tag:blogger.com,1999:blog-1367053740188758246.post7515094536543399221..comments2023-01-16T01:02:48.284-08:00Comments on Dosbat: Long Tail or Fast Crash?Chris Reynoldshttp://www.blogger.com/profile/16843133350978717556noreply@blogger.comBlogger6125tag:blogger.com,1999:blog-1367053740188758246.post-7155470210883985952013-05-29T13:14:31.031-07:002013-05-29T13:14:31.031-07:00I'm pondering throwing this problem at a very ...I'm pondering throwing this problem at a very smart person. I never got round to pursuing this further. Frankly at the moment I'm not able to move this forward.Chris Reynoldshttps://www.blogger.com/profile/16843133350978717556noreply@blogger.comtag:blogger.com,1999:blog-1367053740188758246.post-11518648614926661492013-04-10T11:13:28.192-07:002013-04-10T11:13:28.192-07:00Crandles,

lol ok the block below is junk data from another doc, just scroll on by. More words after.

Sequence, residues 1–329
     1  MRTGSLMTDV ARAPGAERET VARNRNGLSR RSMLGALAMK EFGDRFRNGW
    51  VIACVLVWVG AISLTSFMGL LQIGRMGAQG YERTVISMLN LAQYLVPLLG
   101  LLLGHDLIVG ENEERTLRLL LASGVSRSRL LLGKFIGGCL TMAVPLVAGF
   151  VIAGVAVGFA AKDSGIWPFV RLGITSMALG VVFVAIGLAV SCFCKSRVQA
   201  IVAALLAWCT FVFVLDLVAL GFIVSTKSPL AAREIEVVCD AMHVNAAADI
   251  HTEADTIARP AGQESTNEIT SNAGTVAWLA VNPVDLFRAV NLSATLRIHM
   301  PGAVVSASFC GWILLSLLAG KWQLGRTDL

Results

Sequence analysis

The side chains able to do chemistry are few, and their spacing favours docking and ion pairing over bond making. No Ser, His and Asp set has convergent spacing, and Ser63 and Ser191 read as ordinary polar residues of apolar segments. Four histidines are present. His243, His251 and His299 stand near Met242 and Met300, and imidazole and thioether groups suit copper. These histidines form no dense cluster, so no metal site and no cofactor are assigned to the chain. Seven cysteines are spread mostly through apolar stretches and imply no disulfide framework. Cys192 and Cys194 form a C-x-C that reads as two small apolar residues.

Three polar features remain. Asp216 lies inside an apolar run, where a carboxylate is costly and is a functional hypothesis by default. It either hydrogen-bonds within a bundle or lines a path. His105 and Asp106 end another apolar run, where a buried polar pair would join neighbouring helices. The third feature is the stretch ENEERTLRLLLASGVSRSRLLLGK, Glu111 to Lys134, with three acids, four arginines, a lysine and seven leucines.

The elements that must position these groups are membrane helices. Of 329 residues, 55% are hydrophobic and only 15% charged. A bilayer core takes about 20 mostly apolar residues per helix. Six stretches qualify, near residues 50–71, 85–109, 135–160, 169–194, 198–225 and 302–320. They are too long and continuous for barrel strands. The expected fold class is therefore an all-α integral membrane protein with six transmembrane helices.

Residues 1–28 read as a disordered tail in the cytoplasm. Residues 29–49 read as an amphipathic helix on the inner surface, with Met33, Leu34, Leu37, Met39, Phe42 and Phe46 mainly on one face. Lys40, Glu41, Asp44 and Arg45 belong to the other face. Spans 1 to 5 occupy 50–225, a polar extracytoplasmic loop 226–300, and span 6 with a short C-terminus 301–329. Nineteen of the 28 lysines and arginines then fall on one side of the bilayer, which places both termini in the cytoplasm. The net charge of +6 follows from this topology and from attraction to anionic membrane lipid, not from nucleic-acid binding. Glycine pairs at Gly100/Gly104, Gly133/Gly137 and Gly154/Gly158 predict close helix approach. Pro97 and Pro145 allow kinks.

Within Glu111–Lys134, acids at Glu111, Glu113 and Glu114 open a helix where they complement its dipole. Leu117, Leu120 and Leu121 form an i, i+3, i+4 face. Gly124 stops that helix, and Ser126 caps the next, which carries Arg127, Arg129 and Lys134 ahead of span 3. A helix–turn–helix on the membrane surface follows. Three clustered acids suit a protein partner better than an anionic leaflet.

As it says in the post, a quadratic was...Crandles,<br /><br />As it says in the post, a quadratic was chosen to maximise R2. An exponential gives:<br /><br />Y=20.36*Exp(-0.055X)<br /><br />Where X is the previous year's minimum area. <br /><br />This has an R2 of 0.5622, and is closer to linear (as can be appreciated from the 0.055), where a linear an R2 of 0.5752.<br /><br />However having been pondering the matter I cannot see a reason to expect a strongly non linear ice growth in response to area of preceding season's. Geometry suggests this should be linear. The open water at the end of the season is merely replaced by new ice of thermodynamic equilibrium thickness ~2m.<br /><br />When I put the linear equation into the toy I get a rapid crash to zero, with a negligible tail due to constraining minimum volume to > zero. Because the quadratic ice growth counters the losses more actively as volume/area decreases, this extends the crash to minimum until year 21 or so, in the case of a linear ice growth response the ice crashes out rapidly to zero by year 17.<br /><br />This makes me happier because a fast crash would be more exciting than a drawn out tail.<br /><br />I'll blog on this tomorrow.Chris Reynoldshttps://www.blogger.com/profile/16843133350978717556noreply@blogger.comtag:blogger.com,1999:blog-1367053740188758246.post-26386445432898384912013-04-09T11:20:32.163-07:002013-04-09T11:20:32.163-07:00>"I'm still not convinced I understand...>"I'm still not convinced I understand why figure two's fit curve has the form it has, i.e. I can't off the top of my head knock together an equation based on the physics that reproduces that curve."<br /><br />Just a guess without much examination:<br />Is it the case that you have two quadratics? Adding (or subtracting) should just give a quadratic. However I suspect you have a quadratic in max volume and a quadratic in min volume. If they moved together in a 1:1 motion they would still be two quadratics but because they don't move at same speed it is two quadratics in different variables and that can give that bump.<br /><br />I expect that using exponential rather than quadratic would give much better fit to the data.crandleshttps://www.blogger.com/profile/15181530527401007161noreply@blogger.comtag:blogger.com,1999:blog-1367053740188758246.post-44418863783908576552013-04-09T10:21:25.725-07:002013-04-09T10:21:25.725-07:00Crandles,